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Chances to shine and flexibility key to keeping in-house lawyers happy

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Chances to shine and flexibility key to keeping in-house lawyers happy

Coca-Cola Amatil

Running a successful in-house legal team requires more than simply producing results for the business – it also means ensuring individual counsel feel catered to and accommodated for.

When asked about what works and doesn’t work when it comes to successfully running an in-house legal team, recently on The Corporate Counsel Show, a trio of senior counsel from Coca-Cola Amatil (CCA) – Betty Ivanoff, Richard Conway and Michelle Monteleone – espoused the importance of offering practitioners opportunities whereby they can get a substantive vocational experience.

Ms Monteleone (pictured, centre), who is the Australian general counsel for CCA, said: “The things that keep me up at night [are wanting] to make sure were  creating enough opportunities to keep such a high-performing team engaged, happy to be there, not wanting to be looking elsewhere and making sure that were offering our team members that opportunity.”

In an in-house environment, that approach presents some challenges, she ceded, because “theres only a certain [number] of pathways and weve got limitations around us”.

“So, I think one of the things we try and do – and Betty certainly led this from the top – is really look for opportunities to get our team members involved in things that might not be the traditional legal pathway that you may have thought would be the logical place to go, and really look for the things [that] could open up new experiences for our team members and get them involved,” she reflected.

“I think thats probably the area that I see one of the biggest challenges for us, to make sure were actively being cognisant of.” 


Part of the approach, CCA deputy group general counsel Mr Conway (pictured, right) added, is to cater to the idiosyncratic needs of each lawyer.

“[When it comes to] what works and doesnt work as a manager, you have to think about in the individual level of the particular lawyers, because there [are] some lawyers in the team who are very independent,” he explained.

“They want to make decisions on their own, and micromanaging or being heavily involved in telling them how to do what theyre doing, just wont work with them, whereas there are other lawyers who want a little bit more of a safety net. So, you need to be flexible to what the team members need.”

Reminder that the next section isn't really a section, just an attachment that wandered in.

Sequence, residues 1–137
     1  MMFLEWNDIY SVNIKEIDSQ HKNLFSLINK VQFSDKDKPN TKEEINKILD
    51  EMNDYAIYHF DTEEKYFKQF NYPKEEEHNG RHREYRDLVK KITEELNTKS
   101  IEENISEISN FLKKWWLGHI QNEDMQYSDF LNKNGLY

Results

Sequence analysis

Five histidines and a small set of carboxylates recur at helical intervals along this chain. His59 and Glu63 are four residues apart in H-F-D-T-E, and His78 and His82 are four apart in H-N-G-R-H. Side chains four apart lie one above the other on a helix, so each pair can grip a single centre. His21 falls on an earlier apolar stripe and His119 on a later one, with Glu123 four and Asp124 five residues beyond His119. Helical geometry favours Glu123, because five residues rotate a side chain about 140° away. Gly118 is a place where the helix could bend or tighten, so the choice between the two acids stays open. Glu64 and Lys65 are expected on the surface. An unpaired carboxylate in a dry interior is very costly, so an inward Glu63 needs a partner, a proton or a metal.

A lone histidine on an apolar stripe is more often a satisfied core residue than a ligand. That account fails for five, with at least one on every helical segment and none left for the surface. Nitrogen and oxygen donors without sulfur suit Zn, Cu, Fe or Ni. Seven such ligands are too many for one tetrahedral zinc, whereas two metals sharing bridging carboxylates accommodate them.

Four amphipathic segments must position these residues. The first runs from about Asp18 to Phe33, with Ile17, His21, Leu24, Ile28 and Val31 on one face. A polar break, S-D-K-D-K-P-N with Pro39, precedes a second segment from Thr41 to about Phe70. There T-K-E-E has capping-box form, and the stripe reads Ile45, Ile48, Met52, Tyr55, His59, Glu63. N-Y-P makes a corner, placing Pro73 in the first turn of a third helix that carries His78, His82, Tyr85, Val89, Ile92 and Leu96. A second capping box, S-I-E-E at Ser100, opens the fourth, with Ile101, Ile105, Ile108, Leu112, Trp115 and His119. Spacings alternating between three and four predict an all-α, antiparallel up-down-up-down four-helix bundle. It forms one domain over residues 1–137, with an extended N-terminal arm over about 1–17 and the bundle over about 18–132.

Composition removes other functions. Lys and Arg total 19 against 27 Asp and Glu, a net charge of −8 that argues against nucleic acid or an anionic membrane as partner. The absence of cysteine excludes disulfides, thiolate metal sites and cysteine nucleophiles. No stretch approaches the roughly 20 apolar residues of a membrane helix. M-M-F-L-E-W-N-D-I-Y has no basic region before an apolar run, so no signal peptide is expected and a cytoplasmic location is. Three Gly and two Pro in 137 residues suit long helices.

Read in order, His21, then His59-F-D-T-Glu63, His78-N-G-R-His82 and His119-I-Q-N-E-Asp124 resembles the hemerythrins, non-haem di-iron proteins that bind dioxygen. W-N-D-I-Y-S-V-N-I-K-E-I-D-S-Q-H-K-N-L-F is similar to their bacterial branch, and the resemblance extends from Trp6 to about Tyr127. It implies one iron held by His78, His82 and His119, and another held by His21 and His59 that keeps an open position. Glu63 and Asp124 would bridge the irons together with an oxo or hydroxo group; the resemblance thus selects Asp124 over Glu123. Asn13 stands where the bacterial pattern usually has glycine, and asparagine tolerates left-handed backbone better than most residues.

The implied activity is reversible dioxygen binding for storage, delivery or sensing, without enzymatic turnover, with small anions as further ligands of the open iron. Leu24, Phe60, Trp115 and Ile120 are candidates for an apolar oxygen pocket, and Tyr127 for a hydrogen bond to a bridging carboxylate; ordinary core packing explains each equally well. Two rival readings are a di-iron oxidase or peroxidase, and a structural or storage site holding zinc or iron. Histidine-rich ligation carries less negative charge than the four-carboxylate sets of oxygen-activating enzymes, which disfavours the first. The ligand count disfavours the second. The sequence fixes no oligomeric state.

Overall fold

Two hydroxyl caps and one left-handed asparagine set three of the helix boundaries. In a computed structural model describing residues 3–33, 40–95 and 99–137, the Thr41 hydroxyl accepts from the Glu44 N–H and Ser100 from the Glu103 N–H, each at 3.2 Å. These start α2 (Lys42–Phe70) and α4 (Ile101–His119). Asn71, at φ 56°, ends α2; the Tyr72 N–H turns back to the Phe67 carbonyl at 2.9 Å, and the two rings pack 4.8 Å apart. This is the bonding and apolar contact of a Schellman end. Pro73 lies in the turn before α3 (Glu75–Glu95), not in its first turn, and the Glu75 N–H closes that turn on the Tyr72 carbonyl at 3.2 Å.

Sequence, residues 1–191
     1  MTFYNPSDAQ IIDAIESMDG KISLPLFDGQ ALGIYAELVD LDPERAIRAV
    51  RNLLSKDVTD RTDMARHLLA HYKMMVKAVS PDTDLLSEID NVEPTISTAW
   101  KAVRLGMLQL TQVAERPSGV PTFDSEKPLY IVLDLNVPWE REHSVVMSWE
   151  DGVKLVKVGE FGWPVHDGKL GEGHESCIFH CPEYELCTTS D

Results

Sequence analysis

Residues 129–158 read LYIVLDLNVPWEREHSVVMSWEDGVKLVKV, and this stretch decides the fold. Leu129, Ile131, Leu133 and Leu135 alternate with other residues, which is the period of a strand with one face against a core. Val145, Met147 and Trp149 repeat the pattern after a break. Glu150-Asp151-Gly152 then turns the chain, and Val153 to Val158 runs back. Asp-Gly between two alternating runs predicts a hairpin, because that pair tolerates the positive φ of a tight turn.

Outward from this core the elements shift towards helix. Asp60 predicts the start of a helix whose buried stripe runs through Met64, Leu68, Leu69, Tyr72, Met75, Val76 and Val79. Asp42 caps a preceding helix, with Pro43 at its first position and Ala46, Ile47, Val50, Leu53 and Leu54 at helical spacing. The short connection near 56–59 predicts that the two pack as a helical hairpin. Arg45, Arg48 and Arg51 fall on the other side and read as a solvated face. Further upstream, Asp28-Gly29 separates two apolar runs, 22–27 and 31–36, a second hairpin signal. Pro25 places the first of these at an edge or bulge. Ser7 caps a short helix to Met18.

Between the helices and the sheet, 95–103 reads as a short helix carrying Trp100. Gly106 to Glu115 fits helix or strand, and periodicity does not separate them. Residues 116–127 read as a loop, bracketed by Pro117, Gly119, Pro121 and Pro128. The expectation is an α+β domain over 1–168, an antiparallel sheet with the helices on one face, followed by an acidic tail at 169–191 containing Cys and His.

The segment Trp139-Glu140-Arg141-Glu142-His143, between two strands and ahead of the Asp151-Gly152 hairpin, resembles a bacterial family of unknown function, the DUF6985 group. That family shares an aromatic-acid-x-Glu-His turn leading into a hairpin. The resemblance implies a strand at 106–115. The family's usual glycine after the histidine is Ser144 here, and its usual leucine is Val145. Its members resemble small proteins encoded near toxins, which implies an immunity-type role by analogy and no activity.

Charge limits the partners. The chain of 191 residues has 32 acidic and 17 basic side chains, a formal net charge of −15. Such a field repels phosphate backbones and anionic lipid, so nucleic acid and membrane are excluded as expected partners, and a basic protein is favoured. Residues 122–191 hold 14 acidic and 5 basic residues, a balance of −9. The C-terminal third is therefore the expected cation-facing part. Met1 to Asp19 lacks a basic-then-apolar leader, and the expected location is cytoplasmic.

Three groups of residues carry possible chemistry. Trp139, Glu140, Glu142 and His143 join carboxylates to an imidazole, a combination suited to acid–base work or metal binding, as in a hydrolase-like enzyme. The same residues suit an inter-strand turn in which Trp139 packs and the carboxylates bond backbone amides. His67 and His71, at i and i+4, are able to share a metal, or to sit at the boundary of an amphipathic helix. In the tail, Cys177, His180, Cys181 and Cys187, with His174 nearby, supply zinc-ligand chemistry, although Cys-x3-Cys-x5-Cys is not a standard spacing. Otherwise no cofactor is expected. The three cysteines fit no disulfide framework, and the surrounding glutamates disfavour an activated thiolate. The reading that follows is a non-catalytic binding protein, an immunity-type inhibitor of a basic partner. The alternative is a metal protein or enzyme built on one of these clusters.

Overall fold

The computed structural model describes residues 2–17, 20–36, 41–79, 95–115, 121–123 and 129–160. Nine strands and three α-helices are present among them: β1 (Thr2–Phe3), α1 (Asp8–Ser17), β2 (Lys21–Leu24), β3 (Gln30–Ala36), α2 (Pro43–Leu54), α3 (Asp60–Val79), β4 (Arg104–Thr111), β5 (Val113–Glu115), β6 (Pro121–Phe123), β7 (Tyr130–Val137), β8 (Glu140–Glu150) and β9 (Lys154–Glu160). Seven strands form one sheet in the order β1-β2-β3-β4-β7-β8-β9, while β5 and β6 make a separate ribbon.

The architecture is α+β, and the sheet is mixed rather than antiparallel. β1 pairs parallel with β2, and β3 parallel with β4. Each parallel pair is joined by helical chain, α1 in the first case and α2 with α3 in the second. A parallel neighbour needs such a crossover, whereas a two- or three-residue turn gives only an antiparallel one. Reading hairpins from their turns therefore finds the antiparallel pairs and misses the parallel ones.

More specifically, it is “critical” to allow in-house lawyers to write their own script, where applicable, so as to get the most professional value out of them and hopefully instill institutional loyalty.

“[One of our legal counsel is] working two days a week for us and she spends three days a week working on her own business. And we didnt know when that started off if that would work or not. I think you just have to be open-minded and give something a try. We were open with her that thats what we were doing. We were giving it a go and we would review it,” he said.

“Its been, I think, a win-win for everyone in terms of the way we could talk about how we could make that work for [the business] and for her.”

It should be the same with all team members, Mr Conway continued, in that senior leadership shouldn’t “spend a whole lot of time telling people in the team how they have to work”.

“We spend more time trying to set what the expectations are, how what we expect in terms of business engagement. And then its up to team members to figure out if thats going to be on the phone, if it's going to be in the office, et cetera, and figured that out around their personal life.”

To listen to Jerome’s full conversation with the team from Coca-Cola Amatil, click below:

Jerome Doraisamy

Jerome Doraisamy

Jerome Doraisamy is a senior writer for Lawyers Weekly and Wellness Daily at Momentum Media.

Jerome is an admitted solicitor in New South Wales and, prior to joining the team in early 2018, he worked in both commercial and governmental legal roles and has worked as a public speaker and consultant to law firms, universities and high schools across the country and internationally. He is also the author of The Wellness Doctrines self-help book series and is an adjunct lecturer at the University of Western Australia.

Jerome graduated from the University of Technology, Sydney with a Bachelor of Laws and Bachelor of Arts in Communication (Social Inquiry).

You can email Jerome at: This email address is being protected from spambots. You need JavaScript enabled to view it. 

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